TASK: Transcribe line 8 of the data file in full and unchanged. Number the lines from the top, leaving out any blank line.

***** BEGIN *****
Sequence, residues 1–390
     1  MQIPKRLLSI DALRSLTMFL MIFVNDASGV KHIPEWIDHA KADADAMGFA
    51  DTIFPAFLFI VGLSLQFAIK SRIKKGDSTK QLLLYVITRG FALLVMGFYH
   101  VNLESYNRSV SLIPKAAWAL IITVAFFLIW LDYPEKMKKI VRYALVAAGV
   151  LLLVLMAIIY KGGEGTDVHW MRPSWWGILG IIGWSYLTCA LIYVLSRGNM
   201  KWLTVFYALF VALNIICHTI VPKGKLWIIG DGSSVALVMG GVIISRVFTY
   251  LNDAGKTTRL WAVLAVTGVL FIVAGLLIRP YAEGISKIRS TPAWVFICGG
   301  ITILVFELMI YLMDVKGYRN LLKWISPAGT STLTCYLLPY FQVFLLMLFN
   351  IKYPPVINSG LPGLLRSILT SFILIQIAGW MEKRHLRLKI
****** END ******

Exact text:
   301  ITILVFELMI YLMDVKGYRN LLKWISPAGT STLTCYLLPY FQVFLLMLFN